Feet First

“It is much more important to know what sort of a patient has a disease than what sort of a disease a patient has.” - Sir William Osler

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    Saturday, March 15, 2003
    My friend Chuen-Yen is an internist, doing a year's volunteer stint at a hospital in Malawi. Her emails never fail to entertain, educate and inform. Today we take a look at life without water.

    Without. Water.


    Though I stopped taking electricity for granted long ago, I have always expected water to run from the faucet on demand. Even when Blantyre�s hydro plant was down, storage tanks ensured an uninterrupted flow. This week, taps ran dry across the country. Based on experience, nobody believed the supply would resume in the projected two days. Thus, in the interest of self-preservation, people fought desperately over what remained.

    At the hospital, inter-appointment hand washing has ceased. Spirit swab rubdowns could be used instead, but most of us just ceased touching patients. Floors weren�t mopped. Linens weren�t washed. Stenches fermented. In town, the effects were more substantial. Stores rapidly sold-out of buckets. Hygiene went to the wayside. Cooking was nearly impossible. Thirst was rampant.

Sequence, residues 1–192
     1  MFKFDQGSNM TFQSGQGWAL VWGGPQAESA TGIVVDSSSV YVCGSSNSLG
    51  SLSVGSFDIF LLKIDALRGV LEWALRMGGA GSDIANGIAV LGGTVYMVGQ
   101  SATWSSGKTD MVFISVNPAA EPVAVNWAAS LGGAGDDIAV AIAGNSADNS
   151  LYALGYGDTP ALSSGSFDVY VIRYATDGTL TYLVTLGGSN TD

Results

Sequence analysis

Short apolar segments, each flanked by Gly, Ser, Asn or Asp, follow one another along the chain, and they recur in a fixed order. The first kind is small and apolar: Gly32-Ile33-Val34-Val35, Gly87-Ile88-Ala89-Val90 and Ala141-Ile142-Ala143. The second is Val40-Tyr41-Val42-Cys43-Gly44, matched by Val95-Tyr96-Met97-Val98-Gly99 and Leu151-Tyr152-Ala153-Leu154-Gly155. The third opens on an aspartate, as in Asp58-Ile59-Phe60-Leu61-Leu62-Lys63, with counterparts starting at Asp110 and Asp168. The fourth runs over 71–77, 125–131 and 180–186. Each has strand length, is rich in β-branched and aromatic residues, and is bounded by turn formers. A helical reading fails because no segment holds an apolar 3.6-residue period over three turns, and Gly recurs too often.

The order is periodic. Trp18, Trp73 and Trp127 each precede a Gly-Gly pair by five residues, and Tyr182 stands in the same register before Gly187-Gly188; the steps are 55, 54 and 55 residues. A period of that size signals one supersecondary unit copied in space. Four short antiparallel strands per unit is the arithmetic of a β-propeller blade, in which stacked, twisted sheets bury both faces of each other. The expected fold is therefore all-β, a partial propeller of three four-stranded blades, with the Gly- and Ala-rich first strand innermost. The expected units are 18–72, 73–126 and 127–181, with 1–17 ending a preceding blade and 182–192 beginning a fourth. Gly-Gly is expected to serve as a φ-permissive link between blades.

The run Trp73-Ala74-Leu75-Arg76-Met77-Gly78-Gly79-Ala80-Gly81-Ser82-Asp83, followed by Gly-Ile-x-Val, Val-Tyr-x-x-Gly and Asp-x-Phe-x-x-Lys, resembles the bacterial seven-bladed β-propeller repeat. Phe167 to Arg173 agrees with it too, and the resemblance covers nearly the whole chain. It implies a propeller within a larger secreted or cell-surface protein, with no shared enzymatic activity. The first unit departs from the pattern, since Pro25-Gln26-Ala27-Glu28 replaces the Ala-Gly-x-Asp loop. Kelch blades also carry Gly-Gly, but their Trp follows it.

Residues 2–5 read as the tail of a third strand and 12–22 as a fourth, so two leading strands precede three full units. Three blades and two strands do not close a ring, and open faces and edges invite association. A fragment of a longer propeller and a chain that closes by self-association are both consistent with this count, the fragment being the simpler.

My neighbor Darryl and I are lucky enough to share a fairly large water tank with the dental clinic over which we live. So, we weren�t so worried when the shortage began. With a little conservation, our supply could last several days. However, droves of people materialized to fill containers from an outside tap. As darkness set in, clandestine arguments over who should fill their vessels first pierced the air.

    Though inclined, we couldn�t overtly deny water. However, Darryl did put the dogs out as a deterrent. And, as a precaution, I filled three water bottles, my only bucket, a rubbish bin, all four of pots in the kitchen and eight cups. I also collected my bathwater and dishwater for toilet flushing.

    To make matters worse, an inconstant electrical supply exacerbated the water shortage. �Power sharing,� by which only a few areas can simultaneously use electricity, meant water stagnating in unclean vessels often couldn�t be boiled.

    Fortunately, the hospital is considered a high need locale. Water resumed ahead of schedule here. Now we�re more relaxed about sharing with those whose pipes are still dry. And we are enjoying the luxury of suppressing our survival instincts.

    Bye for now.



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